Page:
My point is that quibbling over the label may be fun, but ultimately misses what I would argue is the more important question: Namely, what should the objective of the process be?

    For many financial institutions, the objective of the onboarding — or welcoming — process is to cross sell more products in the first 90 days of the relationship. This has been borne out of the belief that this is the window of opportunity, because cross-sell effectiveness declines after that point.

    But nobody stops to ask “why does x-sell effectiveness decline after 90 (or 180) days? Maybe it’s because the customer’s expectations haven’t been met, they’ve encountered poor service, higher than expected fees, etc.

    Cross-selling in the 90-day window may find some short-term success, but long-term I think it adds to the attrition problem, not helps it.

    (BTW, credit unions fall into this same mentality. I’ll show you a post on a CU blog to prove that).

    When I give presentations, I argue that the objective of the onboarding — or welcoming — process should be “building trust and engagement”. This 90 day period is the opportunity for the bank or credit union to CONFIRM the customer’s expectations, and make them feel like they made a smart choice of financial providers.

    FIs should also be using this window of opportunity to get new customers engaged with the FI, i.e., using the Web site, downloading iPhone apps, attending webinars, enrolling in bill pay or PFM, etc.

    Active, satisfied engagement will lead to long term cross-sell success much more effectively that pushing more product in the 90 day window. REGARDLESS of what you call the process of what you do in those 90 days.

    Sorry for the long comment.

  8. Morriss Partee Says:

    Ron, absolutely no apologies necessary; thank you for your as-always-excellent response!

    I agree that the objective needs to be examined, and always love that you are looking for the deeper “why” than the surface, in order to achieve long-lasting success.

    My point is simply that it appears that part and parcel of onboarding is the idea that one should shove as many products and services in the face of the new customer/member in the first 90-days as possible. When you think about things in terms of welcoming, rather than onboarding, you are going to do things that achieve the “confirmation” objective much more naturally and easily. Calling it onboarding aids in the “shove product down throat” mentality and calling it welcoming aids listening, confirmation, and should result in deeper satisfaction – it keeps the real objective in the mind of management and employees much better.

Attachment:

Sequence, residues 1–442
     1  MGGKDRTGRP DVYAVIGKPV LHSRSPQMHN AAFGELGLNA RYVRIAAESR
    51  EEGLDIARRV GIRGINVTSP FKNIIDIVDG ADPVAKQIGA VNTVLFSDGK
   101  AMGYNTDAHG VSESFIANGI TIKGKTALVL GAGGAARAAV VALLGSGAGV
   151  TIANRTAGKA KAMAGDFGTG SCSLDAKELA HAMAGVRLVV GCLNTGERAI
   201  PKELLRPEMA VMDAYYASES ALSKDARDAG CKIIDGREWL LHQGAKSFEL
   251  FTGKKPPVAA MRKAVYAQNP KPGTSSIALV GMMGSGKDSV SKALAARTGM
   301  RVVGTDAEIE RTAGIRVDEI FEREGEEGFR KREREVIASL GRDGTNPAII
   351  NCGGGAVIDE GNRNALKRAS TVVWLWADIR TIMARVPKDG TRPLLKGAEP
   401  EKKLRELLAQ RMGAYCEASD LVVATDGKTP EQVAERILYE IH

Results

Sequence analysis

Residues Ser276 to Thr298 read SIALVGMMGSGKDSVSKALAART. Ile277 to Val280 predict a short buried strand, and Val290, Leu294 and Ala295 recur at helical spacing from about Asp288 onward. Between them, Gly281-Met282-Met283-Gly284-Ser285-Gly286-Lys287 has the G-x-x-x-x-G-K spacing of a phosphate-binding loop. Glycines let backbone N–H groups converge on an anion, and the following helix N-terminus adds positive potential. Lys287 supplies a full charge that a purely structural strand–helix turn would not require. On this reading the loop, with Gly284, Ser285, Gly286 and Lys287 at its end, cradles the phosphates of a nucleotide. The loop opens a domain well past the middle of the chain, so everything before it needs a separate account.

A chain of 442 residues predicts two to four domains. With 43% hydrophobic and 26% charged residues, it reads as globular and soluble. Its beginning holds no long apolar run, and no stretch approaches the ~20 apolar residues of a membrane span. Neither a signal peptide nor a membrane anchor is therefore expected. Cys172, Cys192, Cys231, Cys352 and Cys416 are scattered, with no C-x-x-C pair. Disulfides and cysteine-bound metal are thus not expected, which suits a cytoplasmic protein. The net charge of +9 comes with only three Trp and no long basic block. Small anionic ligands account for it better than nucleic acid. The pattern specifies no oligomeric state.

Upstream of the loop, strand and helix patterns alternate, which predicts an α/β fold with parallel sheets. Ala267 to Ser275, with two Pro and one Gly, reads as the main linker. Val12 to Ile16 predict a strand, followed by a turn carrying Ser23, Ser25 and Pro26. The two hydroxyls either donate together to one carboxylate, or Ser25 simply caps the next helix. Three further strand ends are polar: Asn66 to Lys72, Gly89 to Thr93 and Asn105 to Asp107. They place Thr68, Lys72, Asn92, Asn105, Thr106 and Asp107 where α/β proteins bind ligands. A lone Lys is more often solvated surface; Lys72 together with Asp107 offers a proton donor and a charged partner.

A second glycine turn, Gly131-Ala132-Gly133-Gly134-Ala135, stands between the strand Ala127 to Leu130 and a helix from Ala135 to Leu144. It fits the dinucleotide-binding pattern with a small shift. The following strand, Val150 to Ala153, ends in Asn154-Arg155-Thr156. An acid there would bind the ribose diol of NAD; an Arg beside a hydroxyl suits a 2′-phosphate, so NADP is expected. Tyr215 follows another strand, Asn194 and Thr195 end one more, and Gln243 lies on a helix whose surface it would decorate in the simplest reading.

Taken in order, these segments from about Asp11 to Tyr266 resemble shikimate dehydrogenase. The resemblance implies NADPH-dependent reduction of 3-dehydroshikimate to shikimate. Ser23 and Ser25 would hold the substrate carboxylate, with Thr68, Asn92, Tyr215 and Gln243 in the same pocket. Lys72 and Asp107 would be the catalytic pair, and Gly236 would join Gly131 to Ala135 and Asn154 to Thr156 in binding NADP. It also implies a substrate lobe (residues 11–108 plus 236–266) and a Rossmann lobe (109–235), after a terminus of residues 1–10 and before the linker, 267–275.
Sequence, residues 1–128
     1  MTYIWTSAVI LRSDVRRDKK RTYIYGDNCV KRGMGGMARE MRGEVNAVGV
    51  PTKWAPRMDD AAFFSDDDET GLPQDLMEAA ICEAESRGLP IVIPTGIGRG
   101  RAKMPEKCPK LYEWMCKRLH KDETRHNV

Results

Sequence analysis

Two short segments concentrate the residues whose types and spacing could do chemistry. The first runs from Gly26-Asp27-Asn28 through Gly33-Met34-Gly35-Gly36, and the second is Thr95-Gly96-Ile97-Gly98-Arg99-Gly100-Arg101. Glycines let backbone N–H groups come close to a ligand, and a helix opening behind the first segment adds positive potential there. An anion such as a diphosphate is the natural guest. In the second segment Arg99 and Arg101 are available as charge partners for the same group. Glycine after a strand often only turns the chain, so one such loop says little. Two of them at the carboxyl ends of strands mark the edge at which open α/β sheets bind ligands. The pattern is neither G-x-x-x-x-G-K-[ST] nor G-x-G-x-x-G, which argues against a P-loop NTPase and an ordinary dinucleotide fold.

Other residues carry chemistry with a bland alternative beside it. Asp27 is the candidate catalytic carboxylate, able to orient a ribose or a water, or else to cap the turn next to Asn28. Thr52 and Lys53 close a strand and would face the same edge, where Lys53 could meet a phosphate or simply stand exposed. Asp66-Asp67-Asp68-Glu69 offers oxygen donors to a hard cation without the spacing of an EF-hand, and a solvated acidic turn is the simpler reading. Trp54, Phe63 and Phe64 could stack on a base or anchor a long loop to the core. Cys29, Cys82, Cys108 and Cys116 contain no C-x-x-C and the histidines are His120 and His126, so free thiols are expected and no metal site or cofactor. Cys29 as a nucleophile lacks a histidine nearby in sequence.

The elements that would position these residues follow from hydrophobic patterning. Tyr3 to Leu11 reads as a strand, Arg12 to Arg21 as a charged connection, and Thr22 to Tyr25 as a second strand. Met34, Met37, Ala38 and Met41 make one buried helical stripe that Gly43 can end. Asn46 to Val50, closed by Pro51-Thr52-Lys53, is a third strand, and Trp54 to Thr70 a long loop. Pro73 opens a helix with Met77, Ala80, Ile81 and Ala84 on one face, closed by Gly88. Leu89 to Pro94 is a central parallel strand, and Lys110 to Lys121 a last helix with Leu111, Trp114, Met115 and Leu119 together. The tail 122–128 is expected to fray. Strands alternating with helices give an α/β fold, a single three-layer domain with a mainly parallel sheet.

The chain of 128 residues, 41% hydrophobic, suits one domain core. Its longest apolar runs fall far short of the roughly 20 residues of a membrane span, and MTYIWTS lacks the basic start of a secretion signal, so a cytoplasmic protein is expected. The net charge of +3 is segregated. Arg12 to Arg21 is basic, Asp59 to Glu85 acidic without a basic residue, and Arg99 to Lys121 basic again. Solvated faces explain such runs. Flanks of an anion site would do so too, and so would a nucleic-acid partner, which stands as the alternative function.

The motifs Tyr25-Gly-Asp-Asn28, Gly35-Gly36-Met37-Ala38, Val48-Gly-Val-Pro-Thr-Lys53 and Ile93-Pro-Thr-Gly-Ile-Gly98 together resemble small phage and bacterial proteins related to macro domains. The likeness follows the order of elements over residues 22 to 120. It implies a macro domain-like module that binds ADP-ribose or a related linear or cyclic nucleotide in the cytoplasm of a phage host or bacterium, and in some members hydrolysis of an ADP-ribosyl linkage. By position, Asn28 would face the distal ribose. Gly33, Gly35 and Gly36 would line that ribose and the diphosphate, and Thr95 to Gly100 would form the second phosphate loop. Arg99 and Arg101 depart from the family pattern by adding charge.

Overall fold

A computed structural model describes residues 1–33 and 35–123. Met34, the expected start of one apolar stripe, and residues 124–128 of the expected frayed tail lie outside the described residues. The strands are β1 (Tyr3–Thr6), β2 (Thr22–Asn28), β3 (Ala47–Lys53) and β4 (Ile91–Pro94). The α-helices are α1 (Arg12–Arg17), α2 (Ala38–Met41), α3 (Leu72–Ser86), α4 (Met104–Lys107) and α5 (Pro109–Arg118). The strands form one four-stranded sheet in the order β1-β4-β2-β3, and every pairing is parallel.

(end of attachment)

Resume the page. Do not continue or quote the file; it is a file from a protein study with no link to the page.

P.S. There is nothing inherently wrong with the term colonoscopy; it’s only the associations it conjures that make one cringe at hearing it.

  9. Morriss Partee Says:

    I will say one more point in favor of the term onboarding:

    If management won’t get on board with a welcoming process because it doesn’t sound like something that the organization ought to be doing, but onboarding sounds so cool and ROI-generating that they can get behind *that*, then by all means institute onboarding if there is no adequate welcoming program in place.

  10. George Pasley Says:

    I’m with you Morriss. “Onboarding” just sounds like a term thought up in some secret executive committee meeting. New term means brand new idea. It’s kinda like “boneless wings”. No matter what you call it, it’s still chicken tenders cut in half and covered in wing sauce.

    But whatever you call it, adapting your welcoming process to current customer behaviors is the important part.

  11. George Bradt Says:

    In 2002, when we started our business accelerating leadership transitions we could not use the word “onboarding”. If you Googled it you got articles on kennels and boarding schools. Last week Wiley published our new book “Onboarding – How to Get Your New Employees Up to Speed in Half the Time”, helping hiring managers integrate talent acquisition, accommodation, assimilation and acceleration.

    On the one hand, I certainly agree with the comments about “onboarding” sounding a lot like consultant-speak. On the other hand, it has become a part of the talent management vocabulary. Whatever we call it, doing it well can make a huge impact on new employees.

    George Bradt – PrimeGenesis Executive Onboarding and Transition Acceleration

  12. Sue Says:

    Hi Morriss, in response to your Tweet…no offence taken to your new least favourite word. It’s quite commonplace to see comments on Twitter from people who are new to the term who get a hoot out of comparing it to “waterboarding”.